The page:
You made the awesome decision to go back to school, and now it's time to crush it and take names. These virtual learning tips for online courses get you there.
So you’ve gone back to school and you’re hitting the books. But virtual learning isn’t quite the same as what you remember from the classroom is it?
No problem. Lots of people struggle a little when they first start with virtual learning. But don’t worry – it gets easier with experience.In the meantime, here are nine killer tips that will get you in your virtual learning groove in the blink of an eye.
TIP 1: Manage your time effectively
The number one tip we have to get the most from your virtual learning is 'manage your time wisely'. If you’re anything like most virtual learning students, you’re probably not only going to school.You’re probably working at least a little, maybe you’re taking care of kids, maybe you’re doing both. Plus, you’re still going to need some time for yourself, even if it’s just to relax and watch TV.
In order to balance all of these effectively, you need to manage your time efficiently. At the start of your course, figure out everything you’re going to have to do and how long it’s going to take (approximately). Then, workout when you’re going to do everything. How many hours a week are you going to put towards your course? Are there any weeks where you need more time? Are there any times when you won’t be able to hit your minimum? Addressing these sorts of questions up front makes your online course a lot easier to complete.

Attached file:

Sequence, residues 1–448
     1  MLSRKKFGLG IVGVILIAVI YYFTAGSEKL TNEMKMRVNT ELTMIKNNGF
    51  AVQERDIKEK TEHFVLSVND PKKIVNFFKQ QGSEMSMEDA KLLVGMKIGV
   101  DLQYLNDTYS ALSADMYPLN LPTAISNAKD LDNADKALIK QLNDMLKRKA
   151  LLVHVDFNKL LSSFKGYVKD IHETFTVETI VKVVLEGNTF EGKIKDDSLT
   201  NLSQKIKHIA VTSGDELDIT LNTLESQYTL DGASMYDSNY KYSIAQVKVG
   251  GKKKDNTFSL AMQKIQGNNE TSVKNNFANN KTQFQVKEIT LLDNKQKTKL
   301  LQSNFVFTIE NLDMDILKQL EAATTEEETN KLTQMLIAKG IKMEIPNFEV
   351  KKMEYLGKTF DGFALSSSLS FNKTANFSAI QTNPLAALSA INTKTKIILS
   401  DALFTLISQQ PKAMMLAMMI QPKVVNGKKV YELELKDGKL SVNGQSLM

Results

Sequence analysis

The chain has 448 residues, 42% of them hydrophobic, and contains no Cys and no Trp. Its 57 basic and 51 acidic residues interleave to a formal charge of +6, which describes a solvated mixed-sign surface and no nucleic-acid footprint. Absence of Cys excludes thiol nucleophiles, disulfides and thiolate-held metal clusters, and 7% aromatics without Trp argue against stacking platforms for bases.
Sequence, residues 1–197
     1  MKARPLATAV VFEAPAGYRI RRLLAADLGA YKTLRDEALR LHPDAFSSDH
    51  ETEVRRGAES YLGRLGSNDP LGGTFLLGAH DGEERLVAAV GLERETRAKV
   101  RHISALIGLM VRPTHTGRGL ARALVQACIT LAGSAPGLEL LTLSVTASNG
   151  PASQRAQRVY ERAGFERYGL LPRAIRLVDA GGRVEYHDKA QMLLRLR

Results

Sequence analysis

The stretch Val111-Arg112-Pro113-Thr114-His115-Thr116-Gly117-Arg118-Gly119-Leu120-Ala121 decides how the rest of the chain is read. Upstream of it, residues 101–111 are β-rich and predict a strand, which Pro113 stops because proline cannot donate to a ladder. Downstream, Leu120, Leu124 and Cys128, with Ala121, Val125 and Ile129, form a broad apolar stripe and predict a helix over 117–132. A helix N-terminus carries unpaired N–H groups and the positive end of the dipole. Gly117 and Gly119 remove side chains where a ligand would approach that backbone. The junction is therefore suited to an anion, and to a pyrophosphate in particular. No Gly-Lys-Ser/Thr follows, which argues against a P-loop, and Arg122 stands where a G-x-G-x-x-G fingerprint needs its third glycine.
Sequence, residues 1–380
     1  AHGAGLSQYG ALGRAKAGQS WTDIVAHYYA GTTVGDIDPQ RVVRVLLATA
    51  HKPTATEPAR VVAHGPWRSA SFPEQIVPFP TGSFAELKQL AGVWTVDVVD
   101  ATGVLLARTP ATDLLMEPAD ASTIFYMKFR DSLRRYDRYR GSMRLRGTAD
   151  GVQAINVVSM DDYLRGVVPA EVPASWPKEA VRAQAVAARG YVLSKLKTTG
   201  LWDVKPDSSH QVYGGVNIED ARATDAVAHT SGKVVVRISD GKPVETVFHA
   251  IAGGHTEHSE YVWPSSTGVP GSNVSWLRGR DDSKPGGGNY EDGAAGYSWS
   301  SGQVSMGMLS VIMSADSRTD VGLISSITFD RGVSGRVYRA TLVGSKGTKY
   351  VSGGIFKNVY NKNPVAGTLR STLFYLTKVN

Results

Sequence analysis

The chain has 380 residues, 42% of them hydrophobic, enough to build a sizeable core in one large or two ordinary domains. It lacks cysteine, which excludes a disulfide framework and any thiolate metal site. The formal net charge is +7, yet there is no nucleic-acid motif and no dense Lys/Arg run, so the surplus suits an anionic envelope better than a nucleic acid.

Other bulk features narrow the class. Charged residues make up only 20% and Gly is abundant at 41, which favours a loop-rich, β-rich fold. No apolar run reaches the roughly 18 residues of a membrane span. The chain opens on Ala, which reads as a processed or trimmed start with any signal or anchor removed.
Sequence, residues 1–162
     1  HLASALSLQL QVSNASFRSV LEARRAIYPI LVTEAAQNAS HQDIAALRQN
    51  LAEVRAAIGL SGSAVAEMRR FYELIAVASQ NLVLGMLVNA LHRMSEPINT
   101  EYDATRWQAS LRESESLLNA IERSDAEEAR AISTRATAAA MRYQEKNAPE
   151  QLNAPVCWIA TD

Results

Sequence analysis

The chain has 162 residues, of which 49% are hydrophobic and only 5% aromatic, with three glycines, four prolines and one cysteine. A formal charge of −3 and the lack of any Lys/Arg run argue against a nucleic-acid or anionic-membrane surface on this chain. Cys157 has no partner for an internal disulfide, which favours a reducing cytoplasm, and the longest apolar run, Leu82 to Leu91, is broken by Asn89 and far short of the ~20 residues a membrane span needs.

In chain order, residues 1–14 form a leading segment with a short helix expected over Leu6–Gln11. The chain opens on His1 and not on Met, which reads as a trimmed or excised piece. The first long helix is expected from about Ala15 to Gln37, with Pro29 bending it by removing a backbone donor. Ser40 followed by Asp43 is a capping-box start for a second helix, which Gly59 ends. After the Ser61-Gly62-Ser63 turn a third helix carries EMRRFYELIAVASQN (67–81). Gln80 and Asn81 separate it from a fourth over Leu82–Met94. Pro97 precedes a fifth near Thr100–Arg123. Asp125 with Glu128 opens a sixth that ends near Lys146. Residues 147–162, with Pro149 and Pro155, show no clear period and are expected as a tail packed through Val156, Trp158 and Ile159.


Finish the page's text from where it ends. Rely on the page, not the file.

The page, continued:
TIP 2: Set up your workstation
Pick a place that you’re going to work and stick with it. It doesn’t really matter where it is – it just needs to work for you. Some people work best in bed, surrounded by pillows. Others work best in a totally silent library, and still others work best at cafes. Try a few out at the start and see what works both for your concentration and your lifestyle.
For example, if you work best at a café, but the café you like is 20 minutes out of your way, then it’s probably going to be a no-go. Once you’ve figured out what works for you, stick with it. Students who dedicate a space to work, rather than doing it on the fly while they wait for a red light to change or on their lunch break will get a lot more out of the program.
TIP 3: Investigate what additional virtual learning resources you have access to – and use them.
There are LOTS of additional resources out there for those who want to access them. Writing centers, extra help from tutors, forums, and chat boards are all potential sources of help. Do some research at the start of your course and find out what’s available for you. Then, when you’re stressed and you get stuck down the line, you already know what’s available and where to find it.
TIP 4: Start small with one or two courses
A key problem that new students have with virtual learning is they thrown themselves in the deep end and never quite manage to finish their bazillion courses in the timeframe required. Disheartened (not to mention disgruntled about losing a hefty chunk of change), they tend to give up. But there’s a better way. If you start small and build up, you’re a lot more likely to succeed and a lot LESS likely to just get totally overworked and quit.